Our high volume of colectomies and proctectomies — and skilled team of highly rated colorectal surgeons, anesthesiologists, nurses and pathologists— help us to attain expected results in treating patients with conditions of the colon (large intestine). Patients at Mass General have fewer complications compared to the American College of Surgeons National Surgical Quality Improvement Program (ACS-NSQIP) norms. Learn more about Mass General’s surgical outcomes for colectomy and proctectomy compared to national data.
Mass General has created Enhanced Recovery After Surgery (ERAS) protocols which have streamlined patient recovery with fewer complications.
The Mass General Department of Surgery and Codman Center for Clinical Effectiveness have been recognized for meritorious outcomes in surgical patient care from the American College of Surgeons National Surgical Quality Improvement Program (ACS NSQIP). Hospitals achieve this distinction based on composite quality score in the outcomes in mortality and complications such as cardiac, respiratory, unplanned intubation, ventilator greater than 48 hours, renal failure, surgical site infections and urinary tract infections for all surgery cases during the period of January 1, 2016 to December 31, 2016.
This recognition reflects the outstanding performance of the hospital’s surgical teams in providing patient care at many levels. This distinction goes to only approximately 10 percent of the 680 participating hospitals entering data into NSQIP in 2016 and represents the first time that Mass General has reached this status.
For questions about colorectal surgery or to make an appointment, please call 617-643-5166 (DHC Colorectal Center access coordinator). If your insurance plan requires you to obtain a referral from your primary care physician, please obtain it before making your appointment.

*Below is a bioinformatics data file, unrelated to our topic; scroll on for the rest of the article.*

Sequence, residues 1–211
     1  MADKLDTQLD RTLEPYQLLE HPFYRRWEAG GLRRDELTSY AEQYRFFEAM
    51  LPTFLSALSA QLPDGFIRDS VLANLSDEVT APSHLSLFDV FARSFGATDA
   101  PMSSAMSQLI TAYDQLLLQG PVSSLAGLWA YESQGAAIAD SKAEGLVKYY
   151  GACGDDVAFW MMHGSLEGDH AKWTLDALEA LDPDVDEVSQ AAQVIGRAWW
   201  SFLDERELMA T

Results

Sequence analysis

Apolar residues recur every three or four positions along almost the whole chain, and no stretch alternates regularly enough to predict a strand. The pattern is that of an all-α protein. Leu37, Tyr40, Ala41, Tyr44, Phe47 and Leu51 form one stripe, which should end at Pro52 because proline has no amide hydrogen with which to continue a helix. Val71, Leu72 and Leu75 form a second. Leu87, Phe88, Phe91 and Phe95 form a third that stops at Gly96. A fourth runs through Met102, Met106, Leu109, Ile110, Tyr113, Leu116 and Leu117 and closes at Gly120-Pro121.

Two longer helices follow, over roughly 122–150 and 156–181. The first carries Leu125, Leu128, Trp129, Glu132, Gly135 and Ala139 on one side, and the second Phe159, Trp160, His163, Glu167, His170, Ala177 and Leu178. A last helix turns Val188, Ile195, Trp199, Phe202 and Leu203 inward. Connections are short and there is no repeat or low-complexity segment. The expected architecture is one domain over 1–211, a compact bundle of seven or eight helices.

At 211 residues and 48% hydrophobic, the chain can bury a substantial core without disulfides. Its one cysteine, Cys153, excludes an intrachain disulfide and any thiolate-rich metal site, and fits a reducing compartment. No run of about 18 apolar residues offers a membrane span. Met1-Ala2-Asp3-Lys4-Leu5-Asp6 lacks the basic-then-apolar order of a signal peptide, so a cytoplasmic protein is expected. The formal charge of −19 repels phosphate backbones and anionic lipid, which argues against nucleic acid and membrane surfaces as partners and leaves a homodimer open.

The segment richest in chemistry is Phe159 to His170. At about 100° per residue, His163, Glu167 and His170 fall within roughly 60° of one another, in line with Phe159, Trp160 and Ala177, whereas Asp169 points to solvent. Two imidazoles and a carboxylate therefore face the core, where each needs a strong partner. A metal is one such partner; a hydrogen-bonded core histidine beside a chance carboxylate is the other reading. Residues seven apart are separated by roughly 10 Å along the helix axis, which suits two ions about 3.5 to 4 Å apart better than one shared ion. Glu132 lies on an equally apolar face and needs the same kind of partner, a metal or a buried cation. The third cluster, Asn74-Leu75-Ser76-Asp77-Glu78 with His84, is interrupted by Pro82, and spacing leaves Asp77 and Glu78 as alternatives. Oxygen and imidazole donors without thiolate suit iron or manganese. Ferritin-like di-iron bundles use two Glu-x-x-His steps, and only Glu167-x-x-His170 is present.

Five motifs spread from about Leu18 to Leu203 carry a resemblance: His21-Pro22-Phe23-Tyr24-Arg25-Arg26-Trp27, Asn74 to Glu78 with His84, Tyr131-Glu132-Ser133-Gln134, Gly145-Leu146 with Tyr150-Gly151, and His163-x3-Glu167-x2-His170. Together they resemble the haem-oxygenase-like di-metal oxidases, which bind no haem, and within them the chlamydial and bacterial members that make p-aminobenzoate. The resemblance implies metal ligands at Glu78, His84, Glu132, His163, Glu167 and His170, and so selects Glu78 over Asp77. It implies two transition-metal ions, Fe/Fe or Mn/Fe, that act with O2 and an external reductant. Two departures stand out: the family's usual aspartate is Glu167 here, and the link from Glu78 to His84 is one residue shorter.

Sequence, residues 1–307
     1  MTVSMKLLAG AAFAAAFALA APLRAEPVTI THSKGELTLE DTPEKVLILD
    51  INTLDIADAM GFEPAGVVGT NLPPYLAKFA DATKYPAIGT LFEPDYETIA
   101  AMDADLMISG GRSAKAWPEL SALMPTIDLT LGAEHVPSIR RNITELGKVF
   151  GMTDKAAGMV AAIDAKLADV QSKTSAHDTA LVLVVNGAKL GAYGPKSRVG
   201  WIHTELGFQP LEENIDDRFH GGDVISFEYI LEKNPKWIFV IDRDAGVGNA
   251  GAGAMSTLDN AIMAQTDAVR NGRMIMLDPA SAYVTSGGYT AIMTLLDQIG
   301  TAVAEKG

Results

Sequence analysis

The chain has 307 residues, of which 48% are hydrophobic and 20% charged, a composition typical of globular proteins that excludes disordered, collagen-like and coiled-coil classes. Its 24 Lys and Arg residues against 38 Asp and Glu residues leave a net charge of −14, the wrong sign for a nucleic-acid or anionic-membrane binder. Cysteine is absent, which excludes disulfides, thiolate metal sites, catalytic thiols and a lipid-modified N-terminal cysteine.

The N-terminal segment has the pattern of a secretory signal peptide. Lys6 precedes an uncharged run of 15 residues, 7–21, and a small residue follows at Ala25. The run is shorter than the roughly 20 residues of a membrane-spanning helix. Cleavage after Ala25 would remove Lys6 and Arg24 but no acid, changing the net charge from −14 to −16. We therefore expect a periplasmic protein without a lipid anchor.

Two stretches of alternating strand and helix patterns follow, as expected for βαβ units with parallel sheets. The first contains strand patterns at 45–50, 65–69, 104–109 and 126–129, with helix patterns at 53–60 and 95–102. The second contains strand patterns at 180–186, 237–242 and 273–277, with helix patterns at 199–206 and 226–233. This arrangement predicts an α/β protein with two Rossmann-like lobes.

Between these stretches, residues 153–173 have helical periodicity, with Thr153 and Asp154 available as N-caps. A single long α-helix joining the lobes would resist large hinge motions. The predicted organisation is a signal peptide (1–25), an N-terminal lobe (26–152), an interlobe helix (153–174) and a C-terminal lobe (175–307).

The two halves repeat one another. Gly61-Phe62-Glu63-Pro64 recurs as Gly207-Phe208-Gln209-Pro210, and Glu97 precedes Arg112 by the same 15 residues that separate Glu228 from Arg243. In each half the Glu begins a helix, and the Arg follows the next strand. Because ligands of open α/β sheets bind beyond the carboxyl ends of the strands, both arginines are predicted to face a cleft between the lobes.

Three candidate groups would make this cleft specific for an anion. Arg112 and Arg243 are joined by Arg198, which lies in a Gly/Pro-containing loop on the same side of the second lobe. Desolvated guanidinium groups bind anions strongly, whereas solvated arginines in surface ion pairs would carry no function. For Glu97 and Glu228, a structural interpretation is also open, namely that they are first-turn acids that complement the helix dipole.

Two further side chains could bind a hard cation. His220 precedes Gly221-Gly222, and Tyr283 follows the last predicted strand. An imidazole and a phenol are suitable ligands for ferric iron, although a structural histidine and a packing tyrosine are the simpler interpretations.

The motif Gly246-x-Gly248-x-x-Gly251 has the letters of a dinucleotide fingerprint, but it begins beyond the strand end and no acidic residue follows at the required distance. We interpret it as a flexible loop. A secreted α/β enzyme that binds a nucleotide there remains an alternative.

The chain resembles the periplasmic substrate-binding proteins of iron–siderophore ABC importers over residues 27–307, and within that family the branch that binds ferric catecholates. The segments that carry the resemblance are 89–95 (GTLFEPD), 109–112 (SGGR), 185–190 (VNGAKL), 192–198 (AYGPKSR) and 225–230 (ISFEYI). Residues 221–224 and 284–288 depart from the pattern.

Physicians: Save the Date - Advances and Controversies in Colorectal Surgery This three-day educational course will educate surgeons about advances in benign and malignant colorectal disorders. Learn more
Accepting New Patients
Colectomy Case Volumes See how Mass General’s colectomy case volumes are higher compared to the national average per hospital.
Proctectomy Case Volumes See how Mass General’s proctectomy case volumes are higher compared to the national average per hospital.
Patient Ratings of Colorectal Surgeons See how Mass General’s colorectal surgery patients rate their doctors.
Colorectal Length of Stay See how Mass General’s colorectal length of stay compared to the national average.
Colectomy Outcomes See how Mass General’s colectomy outcomes compared to the national average.
Proctectomy Outcomes See how Mass General’s proctectomy outcomes compared to the national average.
Colorectal cancer is malignant cells found in the colon or rectum.
We welcome patients with a new or existing colostomy, ileostomy or urostomy, and their family and friends, to monthly meetings of the Massachusetts General Hospital Ostomy Support Group.
Surgeon Liliana Bordeianou, MD, of the Division of Gastrointestinal and General Surgery, is described as having tenacity and vision, perseverance and determination in the face of many challenges.
Learn more about general anesthesia in this educational video.
Division of General and Gastrointestinal Surgery
Back to Top